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Plant Hygiene: A Vital Component of the Manufacturing Process

Every manufacturer aims to deliver a quality product to his customer. One of the main quality requirements is keeping the product microbiologically stable until used. Being water-based, these products are surely susceptible to microbial decontamination and degradation. Regular preservative biocides are usually added to protect the product and deliver quality to customers.

It has been proven, by multiple tests, that adding a preservative only is not effective to preserve the product. This discovery allowed us to understand that the product must initially be manufactured in a decontaminated environment and under a typically controlled hygiene process. This way, the product is manufactured with the minimum microbial load which gives a significantly higher quality for the product.

Service Overview

Plant Hygiene Philosophy

The philosophy of a plant hygiene process is to locate plant processes, procedures, practices, equipment, and raw materials that can contribute to microbial contamination. With this knowledge, problem areas can be addressed economically and before serious quality issues impact the final product. In general, many of the steps of the chemical manufacturing process are common across the industry. This allows a generalized discussion of how to implement a plant hygiene program. Attention to these common areas of concern in the manufacturing process will eliminate the vast majority of microbial-induced problems. It is understood that more detailed analyses (usually still based on these same areas of concern) may be required to solve more difficult and unusual problems. Individualized plant hygiene programs will need to be developed for each particular manufacturing process; however, this should not be difficult in most cases. The general areas requiring attention are:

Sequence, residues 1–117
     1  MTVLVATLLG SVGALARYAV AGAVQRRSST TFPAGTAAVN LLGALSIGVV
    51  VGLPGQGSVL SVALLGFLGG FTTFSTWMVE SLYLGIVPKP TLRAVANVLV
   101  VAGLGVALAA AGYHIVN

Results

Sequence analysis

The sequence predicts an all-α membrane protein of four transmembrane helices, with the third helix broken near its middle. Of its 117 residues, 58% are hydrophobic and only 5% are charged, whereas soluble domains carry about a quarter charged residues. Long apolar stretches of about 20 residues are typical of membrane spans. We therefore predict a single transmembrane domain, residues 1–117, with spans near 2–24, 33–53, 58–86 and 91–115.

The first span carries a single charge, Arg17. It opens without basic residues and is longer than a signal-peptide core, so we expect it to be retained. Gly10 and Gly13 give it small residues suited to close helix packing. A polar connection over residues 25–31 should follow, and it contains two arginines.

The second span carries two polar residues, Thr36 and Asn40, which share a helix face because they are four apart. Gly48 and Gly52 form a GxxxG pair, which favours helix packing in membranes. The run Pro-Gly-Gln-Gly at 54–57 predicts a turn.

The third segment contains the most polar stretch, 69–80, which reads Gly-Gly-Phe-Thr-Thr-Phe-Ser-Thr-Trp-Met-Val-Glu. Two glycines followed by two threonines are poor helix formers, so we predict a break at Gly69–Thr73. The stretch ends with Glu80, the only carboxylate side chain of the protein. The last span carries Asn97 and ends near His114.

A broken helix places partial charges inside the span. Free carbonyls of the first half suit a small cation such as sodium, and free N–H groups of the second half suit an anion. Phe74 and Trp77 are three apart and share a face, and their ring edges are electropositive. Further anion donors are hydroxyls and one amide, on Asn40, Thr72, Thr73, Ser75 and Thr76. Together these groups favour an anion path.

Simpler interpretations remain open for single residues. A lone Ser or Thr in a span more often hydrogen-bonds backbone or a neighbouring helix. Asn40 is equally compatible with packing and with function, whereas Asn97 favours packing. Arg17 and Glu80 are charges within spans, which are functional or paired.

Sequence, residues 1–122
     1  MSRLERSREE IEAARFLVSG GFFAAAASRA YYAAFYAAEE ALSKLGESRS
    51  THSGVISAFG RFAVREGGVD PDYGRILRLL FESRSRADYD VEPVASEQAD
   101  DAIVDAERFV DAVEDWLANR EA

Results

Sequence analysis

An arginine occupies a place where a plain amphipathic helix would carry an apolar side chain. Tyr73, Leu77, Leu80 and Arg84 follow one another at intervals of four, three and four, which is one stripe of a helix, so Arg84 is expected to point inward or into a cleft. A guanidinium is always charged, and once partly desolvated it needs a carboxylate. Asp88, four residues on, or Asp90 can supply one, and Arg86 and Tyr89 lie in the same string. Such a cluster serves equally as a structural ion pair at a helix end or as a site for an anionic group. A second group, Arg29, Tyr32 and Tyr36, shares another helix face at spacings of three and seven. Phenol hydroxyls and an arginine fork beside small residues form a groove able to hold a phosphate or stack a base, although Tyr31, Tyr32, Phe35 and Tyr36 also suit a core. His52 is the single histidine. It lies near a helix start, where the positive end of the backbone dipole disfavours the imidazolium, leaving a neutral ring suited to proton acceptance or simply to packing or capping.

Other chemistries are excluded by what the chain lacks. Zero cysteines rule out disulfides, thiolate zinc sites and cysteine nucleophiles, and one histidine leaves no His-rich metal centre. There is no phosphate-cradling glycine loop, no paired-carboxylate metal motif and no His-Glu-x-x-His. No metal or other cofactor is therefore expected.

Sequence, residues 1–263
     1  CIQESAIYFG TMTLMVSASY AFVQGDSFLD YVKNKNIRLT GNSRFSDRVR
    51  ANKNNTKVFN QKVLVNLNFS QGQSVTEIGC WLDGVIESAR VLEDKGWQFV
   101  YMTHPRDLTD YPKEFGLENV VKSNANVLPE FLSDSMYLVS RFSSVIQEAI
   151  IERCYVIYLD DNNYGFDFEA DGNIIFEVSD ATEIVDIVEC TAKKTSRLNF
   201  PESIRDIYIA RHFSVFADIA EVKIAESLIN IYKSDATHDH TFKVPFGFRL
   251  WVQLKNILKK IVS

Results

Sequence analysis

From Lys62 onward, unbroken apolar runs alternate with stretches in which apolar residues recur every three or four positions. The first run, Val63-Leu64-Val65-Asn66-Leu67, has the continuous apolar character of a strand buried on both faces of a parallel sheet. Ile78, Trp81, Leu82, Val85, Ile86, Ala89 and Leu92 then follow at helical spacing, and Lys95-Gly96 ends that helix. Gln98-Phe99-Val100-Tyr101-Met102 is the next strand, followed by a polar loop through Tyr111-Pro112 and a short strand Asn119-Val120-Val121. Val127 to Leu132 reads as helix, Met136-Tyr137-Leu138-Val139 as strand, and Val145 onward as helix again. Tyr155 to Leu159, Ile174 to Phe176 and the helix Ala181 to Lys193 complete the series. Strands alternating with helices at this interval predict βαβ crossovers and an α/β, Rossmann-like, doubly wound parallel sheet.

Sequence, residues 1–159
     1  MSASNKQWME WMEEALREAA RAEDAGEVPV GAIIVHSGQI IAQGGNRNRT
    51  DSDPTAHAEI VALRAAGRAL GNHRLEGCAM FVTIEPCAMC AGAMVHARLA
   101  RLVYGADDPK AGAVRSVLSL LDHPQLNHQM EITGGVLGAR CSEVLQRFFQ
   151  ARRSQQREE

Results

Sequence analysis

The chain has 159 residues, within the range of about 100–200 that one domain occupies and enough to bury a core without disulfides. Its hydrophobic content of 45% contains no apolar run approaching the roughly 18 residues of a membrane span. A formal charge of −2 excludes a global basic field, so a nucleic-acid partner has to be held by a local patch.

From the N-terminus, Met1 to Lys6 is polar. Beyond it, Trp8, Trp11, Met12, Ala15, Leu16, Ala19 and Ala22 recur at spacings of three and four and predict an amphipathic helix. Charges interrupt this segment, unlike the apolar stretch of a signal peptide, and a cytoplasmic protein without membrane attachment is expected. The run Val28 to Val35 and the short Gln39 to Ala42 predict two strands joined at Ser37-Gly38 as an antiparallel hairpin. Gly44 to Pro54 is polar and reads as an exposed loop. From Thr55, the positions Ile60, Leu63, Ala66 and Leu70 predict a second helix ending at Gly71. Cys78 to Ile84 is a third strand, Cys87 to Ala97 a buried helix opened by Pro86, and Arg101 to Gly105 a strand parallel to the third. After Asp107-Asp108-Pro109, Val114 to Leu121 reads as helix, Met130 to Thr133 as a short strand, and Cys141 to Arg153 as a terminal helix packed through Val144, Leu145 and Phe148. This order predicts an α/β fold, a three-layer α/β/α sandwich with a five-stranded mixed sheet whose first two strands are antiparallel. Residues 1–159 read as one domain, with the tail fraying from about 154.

source water and source water-handling systems
recycled water and recycled water-handling systems
recycled raw material or recycled product
raw material storage and handling systems
mixing, milling, and reaction vessels and their associated piping systems;
product packaging systems
product transportation and delivery systems

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